Are they close again now? ‘I’ve always been very close to him.’ It must hurt when a son goes public with his grievances against the father? ‘It is hurtful. You’ve just got to see it’s part of an illness, you know? I didn’t have a phone number I could ring to complain about my parents. I didn’t have a young Rupert Murdoch to call up.’
Maybe not, but he did get a kind of revenge on his mother’s stifling suburban ways by creating Dame Edna in her image, at least initially. ‘I denied all connection, until it began to appear inevitable. I would see the roots of that character in her and in her sisters: Melbourne suburban aunties in the Fifties. In order to create a character who mercilessly satirises my childhood, I began to understand their point of view.’
What did she say when she came to see his performances? ‘I don’t think she ever did. She would have said something like, “Why must you always draw attention to yourself?” Which is true.’
He laughs, but there is sadness in it. ‘I have to laugh in retrospect, you know. It is painful. And it was painful.’
His childhood is when an unlikely obsession with German cabaret began.
‘I was brought up in a city [Melbourne] that pretends to be in the Home Counties of England, or did in those days. We had elm trees. We didn’t have aborigines. The first kangaroo I ever saw was at Whipsnade Zoo, when I came to England. We had Winston Churchill on the calendar behind the kitchen door. But at school there were a couple of boys who didn’t have to attend chapel, and it turned out they were part of a very small quota of Jews allowed at Melbourne Grammar School.’
Young Humphries became very close friends with some of those boys. ‘One was born in Vienna in 1934, the same year as myself. I’m happy to say he’s still alive and a friend. But I learned a little bit about central Europe from them. My mother used to say, “Barry, we don’t know where you came from.” That was a worrying remark.’
Humphries was fiercely clever, precocious and – as his mother made no secret of thinking – odd. ‘Jewish friends of mine would say, “Are you sure your mother wasn’t Jewish?” So in a way, I subsequently felt in myself… I felt I was a kind of Holocaust survivor.’
Does he mean he felt an affinity with the families of his friends?
‘Yes. And also there was a refugee woman down the street who gave me stamps with pictures of Hitler on them. They were on letters from her husband in Germany. Suddenly the letters stopped, and we know what conclusion to draw from that.’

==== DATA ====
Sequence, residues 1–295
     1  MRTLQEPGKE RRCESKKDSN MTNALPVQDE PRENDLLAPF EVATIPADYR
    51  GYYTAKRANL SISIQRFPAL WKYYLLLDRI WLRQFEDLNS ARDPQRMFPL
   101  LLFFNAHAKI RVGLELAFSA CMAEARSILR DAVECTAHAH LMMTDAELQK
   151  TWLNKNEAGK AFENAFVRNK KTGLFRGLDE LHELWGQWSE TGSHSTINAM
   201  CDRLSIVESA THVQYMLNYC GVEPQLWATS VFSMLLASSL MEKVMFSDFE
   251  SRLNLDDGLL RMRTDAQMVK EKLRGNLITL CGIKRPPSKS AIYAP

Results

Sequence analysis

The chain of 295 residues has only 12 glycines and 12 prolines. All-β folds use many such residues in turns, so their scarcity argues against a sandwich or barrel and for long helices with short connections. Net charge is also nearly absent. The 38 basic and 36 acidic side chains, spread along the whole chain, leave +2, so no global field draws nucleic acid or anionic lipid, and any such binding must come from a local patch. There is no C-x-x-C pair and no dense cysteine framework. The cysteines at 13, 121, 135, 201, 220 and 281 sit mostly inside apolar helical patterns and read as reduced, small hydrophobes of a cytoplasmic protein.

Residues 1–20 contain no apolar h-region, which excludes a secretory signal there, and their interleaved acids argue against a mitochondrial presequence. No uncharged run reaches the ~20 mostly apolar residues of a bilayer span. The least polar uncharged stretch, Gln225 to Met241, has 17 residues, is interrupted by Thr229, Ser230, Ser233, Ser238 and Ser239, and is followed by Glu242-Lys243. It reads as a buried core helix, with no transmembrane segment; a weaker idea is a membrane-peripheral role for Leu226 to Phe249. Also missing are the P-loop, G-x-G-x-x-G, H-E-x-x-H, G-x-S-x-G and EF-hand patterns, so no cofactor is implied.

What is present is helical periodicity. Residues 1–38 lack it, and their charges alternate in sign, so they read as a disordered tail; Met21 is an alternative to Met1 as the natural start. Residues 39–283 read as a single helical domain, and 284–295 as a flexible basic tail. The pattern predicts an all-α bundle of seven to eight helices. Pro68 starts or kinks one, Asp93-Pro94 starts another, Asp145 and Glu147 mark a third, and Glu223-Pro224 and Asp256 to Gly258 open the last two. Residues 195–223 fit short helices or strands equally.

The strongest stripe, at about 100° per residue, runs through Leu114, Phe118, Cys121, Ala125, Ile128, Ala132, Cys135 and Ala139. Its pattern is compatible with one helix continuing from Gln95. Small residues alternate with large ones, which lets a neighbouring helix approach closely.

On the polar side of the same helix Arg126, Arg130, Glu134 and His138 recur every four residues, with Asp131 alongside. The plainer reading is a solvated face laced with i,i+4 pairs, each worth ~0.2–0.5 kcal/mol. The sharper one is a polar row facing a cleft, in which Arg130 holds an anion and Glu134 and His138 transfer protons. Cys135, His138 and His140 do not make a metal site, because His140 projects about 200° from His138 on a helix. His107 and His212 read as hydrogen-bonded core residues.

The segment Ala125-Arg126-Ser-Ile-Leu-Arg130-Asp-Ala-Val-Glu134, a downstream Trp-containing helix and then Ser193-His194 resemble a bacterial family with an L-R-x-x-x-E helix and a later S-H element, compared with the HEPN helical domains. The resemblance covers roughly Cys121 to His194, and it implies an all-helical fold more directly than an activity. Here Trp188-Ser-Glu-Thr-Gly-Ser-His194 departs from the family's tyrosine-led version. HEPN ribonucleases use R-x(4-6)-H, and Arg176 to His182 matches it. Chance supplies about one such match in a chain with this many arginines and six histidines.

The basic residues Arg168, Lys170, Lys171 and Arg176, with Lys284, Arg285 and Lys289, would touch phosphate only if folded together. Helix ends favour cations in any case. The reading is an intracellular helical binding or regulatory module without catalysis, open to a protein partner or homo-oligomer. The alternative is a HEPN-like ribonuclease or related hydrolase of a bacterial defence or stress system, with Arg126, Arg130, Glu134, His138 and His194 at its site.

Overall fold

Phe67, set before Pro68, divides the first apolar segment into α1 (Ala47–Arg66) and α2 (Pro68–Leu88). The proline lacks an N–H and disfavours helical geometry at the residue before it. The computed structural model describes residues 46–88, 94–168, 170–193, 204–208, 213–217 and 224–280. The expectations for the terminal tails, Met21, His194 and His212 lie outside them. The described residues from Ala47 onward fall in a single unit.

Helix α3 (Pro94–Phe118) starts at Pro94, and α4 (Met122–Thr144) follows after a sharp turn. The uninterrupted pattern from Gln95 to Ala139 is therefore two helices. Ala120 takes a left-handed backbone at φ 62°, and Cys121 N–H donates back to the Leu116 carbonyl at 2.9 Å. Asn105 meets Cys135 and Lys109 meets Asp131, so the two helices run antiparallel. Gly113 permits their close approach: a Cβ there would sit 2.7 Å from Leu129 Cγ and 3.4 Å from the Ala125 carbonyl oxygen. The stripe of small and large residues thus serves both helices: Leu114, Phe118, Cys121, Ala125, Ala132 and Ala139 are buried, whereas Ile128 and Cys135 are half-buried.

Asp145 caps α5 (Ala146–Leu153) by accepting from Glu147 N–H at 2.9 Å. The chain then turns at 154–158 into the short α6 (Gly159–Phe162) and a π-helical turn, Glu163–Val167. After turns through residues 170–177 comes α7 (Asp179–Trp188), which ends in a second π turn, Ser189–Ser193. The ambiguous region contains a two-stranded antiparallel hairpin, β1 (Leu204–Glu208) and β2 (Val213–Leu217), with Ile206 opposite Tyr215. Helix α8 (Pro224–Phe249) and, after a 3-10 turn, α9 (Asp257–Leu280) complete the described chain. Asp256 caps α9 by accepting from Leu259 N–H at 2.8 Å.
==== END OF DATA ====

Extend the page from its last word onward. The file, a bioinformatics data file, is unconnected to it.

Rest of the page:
His friends’ parents played recordings from the Twenties Berlin scene, which was satirical, sexy, avant-garde and rebellious. Performers took on flamboyant alter egos to say things that could not otherwise be said – which is pretty much what Humphries has done all his life.
The Nazis crushed cabaret culture when they came to power. ‘In the second-hand bookshops of Melbourne I came across sheet music brought to Australia by German refugees, by composers I’d not heard of. Their reputations were completely obliterated by the Nazis.’
When Dame Edna retired, Humphries went back to his first love. ‘I dug up that sheet music again and got an orchestra in Australia to create a little concert, which I annotate with personal stories.’
He’s working with the Aurora Orchestra and the cabaret star Meow Meow to perform the songs in the UK. ‘I’m a great enthusiast for the music, for the insolence it expresses – defiance,’ says Humphries. ‘I think it resonates for us now because there’s a lot of fear in the air, behind the gaiety. There’s real uncertainty.’ People now fear for their jobs and worry about war and the rise of extremism just as they did in the Twenties, he says. ‘You never know when it’s all going to come crashing down. And anyway, God can make me redundant any time!’
Now he’s switched to talking about himself rather than the state of the world, so what does he think will happen when he dies? ‘The awful thing is, there’ll probably be a bit of a tribute. And they’ll put together things that I perhaps would prefer were not included.’
Such as? ‘Jokes that went wrong. And they’ll be talking about what they love to talk about: I stopped drinking alcohol 45 years ago, but they still go on about my “battle” with booze. All I would say is, it wasn’t a battle. It was a defeat. Thank God.’
He stopped drinking after a near-death experience in a mental institution in the Seventies. ‘I said this is not on the menu for me. You’re a total atheist until you’re in a foxhole and the bombs are dropping.’
How does he think he will be remembered? ‘I really don’t care,’ he insists, ‘I have no control over that.’